Stones of the Biliary Tract and Gallbladder: Causes and Symptoms

Causes and Risk Factors

Why do biliary tract and gallbladder stones form and what are the risk factors?

The bile produced by the liver contains several components in a balanced way; however, it may happen that this equilibrium is broken, favoring the precipitation of cholesterol and / or of the bile pigments contained therein.

Gallbladder stones can form from a congenital defect of the liver that produces bile that is too high in cholesterol and low in bile salts, or from a gallbladder that tends to concentrate too much. There are also minor concomitant factors that can favor its precipitation.

Alongside all these predispositions of genetic origin, there are others that are acquired by the individual due to a lifestyle that is not exactly balanced:

  • Rapid weight loss: an "excessive caloric restriction or prolonged fasting facilitate the formation of stones by slowing down the motility of the gallbladder and prolonging the stay of the bile inside it.
  • Obesity: the obese tends to secrete more cholesterol and less bile salts and to have less emptying of the gallbladder. For this reason, the development of stones in the gallbladder occurs three to four times more frequently in obese people than in those of normal weight.
  • Female sex, pregnancy (especially the third trimester), birth control pills, estrogen replacement therapies: in response to the increase in estrogen concentration, the secretion of cholesterol also increases, which facilitates the formation of stones.
  • Unbalanced diet: the appearance of gallbladder stones can be related both to a diet excessively rich in lipids (in a general sense, therefore, rich in fatty acids but also in cholesterol, etc.), or too poor (hypolipidic diet), or even , too restrictive diets started abruptly or, worse, fasting. For this reason, in general, it is advisable to always use common sense, following a "healthy and balanced diet."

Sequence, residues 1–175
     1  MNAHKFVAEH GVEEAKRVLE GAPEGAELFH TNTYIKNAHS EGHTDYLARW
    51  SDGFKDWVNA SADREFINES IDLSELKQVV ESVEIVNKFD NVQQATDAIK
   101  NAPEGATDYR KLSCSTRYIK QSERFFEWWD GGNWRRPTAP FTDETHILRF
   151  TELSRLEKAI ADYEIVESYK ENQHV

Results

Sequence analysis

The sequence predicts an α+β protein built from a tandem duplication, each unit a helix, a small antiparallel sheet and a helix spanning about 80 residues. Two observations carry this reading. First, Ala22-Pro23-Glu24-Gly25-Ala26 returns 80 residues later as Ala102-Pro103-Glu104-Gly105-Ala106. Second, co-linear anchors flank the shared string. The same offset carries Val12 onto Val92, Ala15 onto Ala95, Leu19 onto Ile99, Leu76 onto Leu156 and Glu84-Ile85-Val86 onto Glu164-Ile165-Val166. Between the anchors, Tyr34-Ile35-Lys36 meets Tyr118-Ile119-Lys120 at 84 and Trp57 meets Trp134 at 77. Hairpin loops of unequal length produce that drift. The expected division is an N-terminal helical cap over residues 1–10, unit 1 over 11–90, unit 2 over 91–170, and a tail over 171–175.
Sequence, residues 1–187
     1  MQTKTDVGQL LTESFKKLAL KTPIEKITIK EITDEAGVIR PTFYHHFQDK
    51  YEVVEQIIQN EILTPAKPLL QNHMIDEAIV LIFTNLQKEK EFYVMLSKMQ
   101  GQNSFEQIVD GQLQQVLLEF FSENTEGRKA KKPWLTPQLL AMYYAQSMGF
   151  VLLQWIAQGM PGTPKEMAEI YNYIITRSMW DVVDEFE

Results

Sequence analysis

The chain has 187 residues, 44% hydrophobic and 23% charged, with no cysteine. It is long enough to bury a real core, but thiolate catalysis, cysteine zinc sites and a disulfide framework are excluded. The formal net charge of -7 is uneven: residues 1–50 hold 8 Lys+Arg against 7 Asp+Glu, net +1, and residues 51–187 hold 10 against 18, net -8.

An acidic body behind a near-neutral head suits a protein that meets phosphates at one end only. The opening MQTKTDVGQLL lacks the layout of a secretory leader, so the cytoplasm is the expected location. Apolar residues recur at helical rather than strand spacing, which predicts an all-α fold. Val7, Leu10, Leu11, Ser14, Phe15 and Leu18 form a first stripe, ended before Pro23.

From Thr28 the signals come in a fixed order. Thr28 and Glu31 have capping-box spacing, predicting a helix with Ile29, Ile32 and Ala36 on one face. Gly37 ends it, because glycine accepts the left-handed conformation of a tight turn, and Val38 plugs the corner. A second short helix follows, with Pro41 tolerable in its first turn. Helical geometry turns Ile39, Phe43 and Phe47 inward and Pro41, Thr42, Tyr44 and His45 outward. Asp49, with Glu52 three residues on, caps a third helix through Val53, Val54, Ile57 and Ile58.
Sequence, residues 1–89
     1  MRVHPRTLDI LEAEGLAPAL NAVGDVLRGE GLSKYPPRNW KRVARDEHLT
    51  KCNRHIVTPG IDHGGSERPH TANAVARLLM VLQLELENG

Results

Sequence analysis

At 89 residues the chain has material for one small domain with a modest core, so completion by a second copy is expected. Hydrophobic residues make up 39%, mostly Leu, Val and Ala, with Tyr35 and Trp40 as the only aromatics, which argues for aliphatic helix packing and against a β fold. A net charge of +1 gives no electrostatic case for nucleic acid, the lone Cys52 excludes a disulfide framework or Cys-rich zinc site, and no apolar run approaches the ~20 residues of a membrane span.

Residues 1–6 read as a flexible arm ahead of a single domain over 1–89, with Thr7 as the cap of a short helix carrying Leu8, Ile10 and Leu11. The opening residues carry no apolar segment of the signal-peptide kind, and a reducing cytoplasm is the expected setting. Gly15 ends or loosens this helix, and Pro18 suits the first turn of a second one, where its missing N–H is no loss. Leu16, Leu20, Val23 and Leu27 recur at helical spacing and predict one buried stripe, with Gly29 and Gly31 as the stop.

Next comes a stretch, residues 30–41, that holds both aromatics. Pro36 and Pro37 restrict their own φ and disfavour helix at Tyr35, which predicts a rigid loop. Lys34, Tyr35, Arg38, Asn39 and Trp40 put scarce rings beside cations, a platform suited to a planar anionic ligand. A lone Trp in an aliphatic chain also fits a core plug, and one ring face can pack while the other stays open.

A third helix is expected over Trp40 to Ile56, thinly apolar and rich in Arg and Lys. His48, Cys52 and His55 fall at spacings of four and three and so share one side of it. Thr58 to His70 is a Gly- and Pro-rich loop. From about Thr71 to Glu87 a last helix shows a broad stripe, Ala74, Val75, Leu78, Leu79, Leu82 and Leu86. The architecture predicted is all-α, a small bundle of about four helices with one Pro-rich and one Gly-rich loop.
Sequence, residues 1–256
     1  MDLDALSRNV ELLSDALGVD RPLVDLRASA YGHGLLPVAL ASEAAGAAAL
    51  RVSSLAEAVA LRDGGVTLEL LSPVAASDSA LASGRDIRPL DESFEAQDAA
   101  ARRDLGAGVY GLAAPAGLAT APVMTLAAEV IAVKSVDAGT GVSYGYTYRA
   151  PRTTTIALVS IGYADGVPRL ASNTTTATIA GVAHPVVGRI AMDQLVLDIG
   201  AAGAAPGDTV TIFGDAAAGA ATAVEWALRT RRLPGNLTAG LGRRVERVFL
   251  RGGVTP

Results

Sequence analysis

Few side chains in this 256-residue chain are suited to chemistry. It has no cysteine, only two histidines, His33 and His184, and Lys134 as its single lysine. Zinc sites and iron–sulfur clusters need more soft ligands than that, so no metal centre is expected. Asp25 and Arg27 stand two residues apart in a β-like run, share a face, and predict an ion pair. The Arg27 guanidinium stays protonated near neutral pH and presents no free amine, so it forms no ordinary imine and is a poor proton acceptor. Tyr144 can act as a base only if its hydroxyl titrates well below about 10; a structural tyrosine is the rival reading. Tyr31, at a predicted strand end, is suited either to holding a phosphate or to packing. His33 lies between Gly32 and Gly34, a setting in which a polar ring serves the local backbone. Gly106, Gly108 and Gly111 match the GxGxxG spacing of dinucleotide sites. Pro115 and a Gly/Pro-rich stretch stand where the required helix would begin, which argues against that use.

For further information: Nutrition and Gallstones

Other possible risk factors

Additional risk factors for the formation of gallbladder stones are represented by:

  • Some rare inflammatory bowel diseases, such as ulcerative colitis and Crohn's disease;
  • The familiarity of the pathology (the risk of gallbladder stones is higher in the children of subjects with the same disease);
  • Diabetes;
  • Hypercholesterolemia, hyperlipidemia (even if there are conflicting opinions among doctors);
  • High levels of triglycerides in the blood
  • Population of belonging: Native Americans and Scandinavians are genetically more susceptible to cholelithiasis;
  • Over 40 years old: advanced age is associated with a greater lithogenicity of bile;
  • Periods of oral hypo-nutrition;
  • High number of pregnancies: the risk increases from 8% in women who have had only one pregnancy to 18% in women with more than three pregnancies;
  • Hemolytic anemia, sickle cell anemia: in this case the risk of gallstones is high even in children or young subjects.

REMEMBER THAT: up to 10-15% of the population are carriers of gallbladder stones but only 20-40% develop the typical symptoms of the disease.

The prevalence of biliary lithiasis increases with age and goes from 5% around the age of 30 to more than 25% in the over 60s.

Symptoms

What Symptoms Can Gallbladder Stones Cause?

For further information: Gallbladder Stones Symptoms


Gallbladder stones are a fairly common disorder. As often happens with many pathologies, even gallbladder stones may not show signs of their presence (asymptomatic stones). Other times, however, they can generate serious disorders that require the intervention of the doctor and in the most serious cases of the surgeon.

The symptoms of gallbladder stones, if any, are mainly attributable to biliary colic. In the past, several researchers have tried to link the presence of these pebbles with vague ailments such as nausea, abdominal pain or bitter mouth. However, no studies have confirmed the "existence of a direct relationship between these nonspecific symptoms and the presence of" liver "stones (an improper synonym for" gallbladder stones "which is used in common parlance).

This does not, of course, mean that some patients affected by gallbladder stones may complain of digestive difficulties and experience symptoms such as postprandial heaviness, nausea, vomiting and visceral pain.

In most cases, gallstones is therefore asymptomatic: it does not cause particular disorders and, if it has not already caused problems in the past, the chances of causing biliary colic are very low.
Speaking in purely statistical terms, about 60-80% of gallbladder stone carriers are asymptomatic; of these every year 3% will become symptomatic (20-40% in 10 years). Another 5-18% will require an emergency cholecystectomy for complications related to the presence of stones.



Other articles on "Stones of the Biliary Tract and Gallbladder: Causes and Symptoms"

  1. Gallbladder stones, gallbladder stones
  2. Biliary colic and complications
  3. Diagnosis and treatment
  4. Gallbladder Stones - Medicines to Treat Gallbladder Stones
  5. Nutrition and Gallstones
  6. Diet and Gallbladder Stones
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